Then His Majesty said to them, ‘This daughter of mine… I have appointed as successor upon my throne. She shall sit on this marvellous dais. She shall direct the commons in every sphere of the palace. It is she who will lead you. Obey her words and unite yourselves at her command.’
Text carved on the wall of Hatchepsut’s mortuary temple at Deir el-Bahri5
A number of what can best be described as propaganda texts – records full of self-justification – survive to provide an official explanation of Hatchepsut’s unprecedented assumption of power.
Fig. 36 Hatchepsut being suckled by the goddess Hathor
These texts stress both her relationship with her earthly father, the pharaoh, and her divine link with the gods, emphasizing over and over again her temporal and spiritual right to rule. The most explicit of these is the record of her ‘divine birth’, preserved on the wall of her Deir el-Bahri temple. Here, in a series of cartoons and brief captions, Hatchepsut reveals to the world that she is actually the natural daughter of the great god Amen, who had predestined his child for the crown. Amen, cunningly disguised as Tuthmosis I, is shown visiting Queen Ahmose in her chamber where, in an appropriately restrained scene, he fills her nostrils with the breath of life. The resulting pregnancy of the queen is made discreetly obvious, and the god Khnum is shown modelling the body and soul of the infant Hatchepsut on his potter’s wheel, promising her anxious father Amen, ‘I will shape for you your daughter…’ Hatchepsut’s miraculous birth, and the goddess Hathor’s introduction of the baby to the proud father, are made clear. Finally Hatchepsut is presented before all the gods, who accept her as a future king of Egypt. A filial devotion to the god Amen was emphasized throughout Hatchepsut’s life: ‘I am truly His daughter, the one who glorifies Him.’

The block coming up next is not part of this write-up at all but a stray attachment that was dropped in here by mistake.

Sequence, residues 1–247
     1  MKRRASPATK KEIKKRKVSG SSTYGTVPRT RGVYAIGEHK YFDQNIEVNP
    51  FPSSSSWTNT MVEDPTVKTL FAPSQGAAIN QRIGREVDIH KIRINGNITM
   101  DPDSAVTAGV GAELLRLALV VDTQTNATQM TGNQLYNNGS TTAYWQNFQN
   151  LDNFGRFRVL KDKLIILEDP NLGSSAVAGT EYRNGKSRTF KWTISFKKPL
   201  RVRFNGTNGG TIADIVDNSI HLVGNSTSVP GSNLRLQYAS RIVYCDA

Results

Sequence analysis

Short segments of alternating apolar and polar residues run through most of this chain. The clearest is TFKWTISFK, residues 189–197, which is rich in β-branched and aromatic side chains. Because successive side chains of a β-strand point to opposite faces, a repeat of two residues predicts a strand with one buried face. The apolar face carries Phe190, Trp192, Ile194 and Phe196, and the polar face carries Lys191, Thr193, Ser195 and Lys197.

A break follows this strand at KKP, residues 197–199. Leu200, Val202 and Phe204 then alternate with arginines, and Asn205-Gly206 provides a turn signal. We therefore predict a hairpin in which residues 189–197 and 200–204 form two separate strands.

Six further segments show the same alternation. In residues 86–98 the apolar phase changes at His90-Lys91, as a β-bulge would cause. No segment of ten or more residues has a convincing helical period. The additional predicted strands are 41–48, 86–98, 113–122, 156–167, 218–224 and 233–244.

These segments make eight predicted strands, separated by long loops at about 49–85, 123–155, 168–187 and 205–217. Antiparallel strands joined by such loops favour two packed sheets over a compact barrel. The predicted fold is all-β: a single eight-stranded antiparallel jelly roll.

I was promoted before the companions, knowing that I was in Her favour. They set me to be the chief of Her house; the Palace – may it thrive in health in prosperity – was under my supervision. I was the judge of the whole land and the Overseer of the Granaries of Amen, Senenmut.
Part of a long text of self-justification carved on the base of a statue of Senenmut